Anyone wondering what this book is about will have to read to page 236 to learn that its title represents a dictionary's (not the Oxford's) definition of gratitude: its English author's gratitude to those who helped the scholars driven into exile by the Nazis and Fascists in the 1930s to find shelter and work in this country.
In March 1933 Sir William Beveridge, then director of the London School of Economics, and Lionel Robbins, one of its professors, were enjoying themselves in Vienna when they read the first news of Hitler's wholesale dismissal of Jewish teachers from German universities. Possession of even a single Jewish grandparent disqualified academics from teaching the German Master Race. Refusal to swear allegiance to Adolf Hitler was another ground for dismissal. Outraged, Beveridge and Robbins returned to London and convened the professorial council that invited all teachers and administrators to contribute to an academic assistance fund for helping displaced scholars in economic and political science. Beveridge recalled: "The answer to Hitler of British Universities generally was as immediate and emphatic as the answer of the London School of Economics.'' On May 22 1933, 41 prominent academics, including Maynard Keynes, Gilbert Murray, George Trevelyan and seven Nobel laureates in science and medicine wrote to The Times announcing the foundation of the Academic Assistance Council "to raise a fund, to be used primarily, though not exclusively, in providing maintenance for displaced teachers and investigators, and finding them work in universities and scientific institutions''.
Accommodated in two small offices in the Royal Society's rooms in Burlington House, it became as much a specialised labour exchange as an income provider. In 1936 the council's name was changed to the Society for the Protection of Science and Learning.
At the end of the second world war 2,541 refugee scholars were registered with the society, most of them Germans and Austrians. Other refugees came from Czechoslovakia, Italy and Spain. The society's income from its formation to the outbreak of war was nearly Pounds 100,000, equivalent to about Pounds 6 million today, most of it from private individuals. The City of London kept its coffers closed.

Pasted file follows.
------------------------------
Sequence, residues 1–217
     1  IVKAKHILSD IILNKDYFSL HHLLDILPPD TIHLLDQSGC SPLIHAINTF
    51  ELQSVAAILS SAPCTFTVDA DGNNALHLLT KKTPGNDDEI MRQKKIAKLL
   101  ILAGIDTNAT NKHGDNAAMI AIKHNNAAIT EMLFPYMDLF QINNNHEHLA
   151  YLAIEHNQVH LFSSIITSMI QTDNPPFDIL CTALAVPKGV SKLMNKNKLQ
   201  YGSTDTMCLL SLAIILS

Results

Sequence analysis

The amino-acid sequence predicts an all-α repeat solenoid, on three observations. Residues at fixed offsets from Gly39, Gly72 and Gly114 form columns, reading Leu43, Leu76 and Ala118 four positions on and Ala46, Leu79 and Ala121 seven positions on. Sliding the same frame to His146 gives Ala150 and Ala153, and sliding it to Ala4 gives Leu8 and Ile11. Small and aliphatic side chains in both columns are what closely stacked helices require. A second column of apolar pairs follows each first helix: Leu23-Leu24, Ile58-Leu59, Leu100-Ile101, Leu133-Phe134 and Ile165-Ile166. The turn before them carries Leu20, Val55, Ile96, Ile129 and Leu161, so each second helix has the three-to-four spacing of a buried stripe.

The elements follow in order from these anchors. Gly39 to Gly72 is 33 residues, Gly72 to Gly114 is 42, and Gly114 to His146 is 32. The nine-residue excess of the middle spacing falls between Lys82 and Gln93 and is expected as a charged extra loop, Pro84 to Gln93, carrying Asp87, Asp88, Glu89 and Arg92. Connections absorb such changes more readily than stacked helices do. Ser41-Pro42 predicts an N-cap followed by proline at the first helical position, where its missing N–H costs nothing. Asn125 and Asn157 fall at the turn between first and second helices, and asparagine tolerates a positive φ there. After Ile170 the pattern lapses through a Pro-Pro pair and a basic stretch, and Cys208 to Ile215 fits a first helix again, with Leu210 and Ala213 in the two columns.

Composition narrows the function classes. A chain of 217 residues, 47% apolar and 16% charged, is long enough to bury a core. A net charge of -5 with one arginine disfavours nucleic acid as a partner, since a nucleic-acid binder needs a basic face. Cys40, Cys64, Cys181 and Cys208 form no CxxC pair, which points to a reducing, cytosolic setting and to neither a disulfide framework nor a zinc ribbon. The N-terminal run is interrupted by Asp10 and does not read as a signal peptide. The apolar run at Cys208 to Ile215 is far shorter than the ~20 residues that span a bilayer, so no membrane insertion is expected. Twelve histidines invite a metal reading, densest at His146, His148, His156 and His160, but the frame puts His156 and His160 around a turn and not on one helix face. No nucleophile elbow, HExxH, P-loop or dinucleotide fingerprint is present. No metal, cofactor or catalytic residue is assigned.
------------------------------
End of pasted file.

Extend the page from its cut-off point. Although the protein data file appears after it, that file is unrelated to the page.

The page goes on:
Ray Cooper's book begins with a short history of the society and its long-time secretary, Esther Simpson, the heroine of his previous book Refugee Scholars who recently died in London aged 93. That history is followed by an account of a meeting at the Albert Hall in October 1933, where Einstein, in halting English, helped to launch a public appeal on its behalf. Next comes the text of Sir Claus Moser's 1992 Stefan Zweig lecture on "Britain's life in the arts and the influence of Jewish immigrants". Then comes a history of the Society for Visiting Scientists, a modest London club set up by the British Council in 1944 to help re-establish international contacts between scientists interrupted by the war. The book ends with reminiscences by Archibald Vivian Hill, physiologist, Nobel laureate and statesman of science who championed both societies.
Einstein was asked to appeal for the refugees without saying a word in condemnation of the Nazi regime. The academics who signed the appeal in The Times followed the same line in order not to embarrass the British government in its relations with Germany. The Nazis interpreted that silence as approval, and the British government as encouragement of its support of the Nazis as a bulwark against Communism. It is always a mistake not to speak out against evil. Moser recalls the remarks of that remarkable Christian, Pastor Niemoller, who wrote: "First they came for the Jews and I did not speak out - because I was not a Jew. Then they came for the communists and I did not speak out -because I was not a communist. Then they came for the trade unionists and I did not speak out - because I was not a trade unionist. Then they came for me - and there was no one left to speak out for me."